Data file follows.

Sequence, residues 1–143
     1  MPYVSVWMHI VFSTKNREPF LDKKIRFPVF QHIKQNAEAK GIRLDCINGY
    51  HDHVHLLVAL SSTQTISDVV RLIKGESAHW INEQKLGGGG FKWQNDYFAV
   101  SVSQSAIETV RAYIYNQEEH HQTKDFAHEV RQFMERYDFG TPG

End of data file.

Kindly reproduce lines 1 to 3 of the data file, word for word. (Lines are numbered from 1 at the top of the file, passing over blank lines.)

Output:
Sequence, residues 1–143
     1  MPYVSVWMHI VFSTKNREPF LDKKIRFPVF QHIKQNAEAK GIRLDCINGY
    51  HDHVHLLVAL SSTQTISDVV RLIKGESAHW INEQKLGGGG FKWQNDYFAV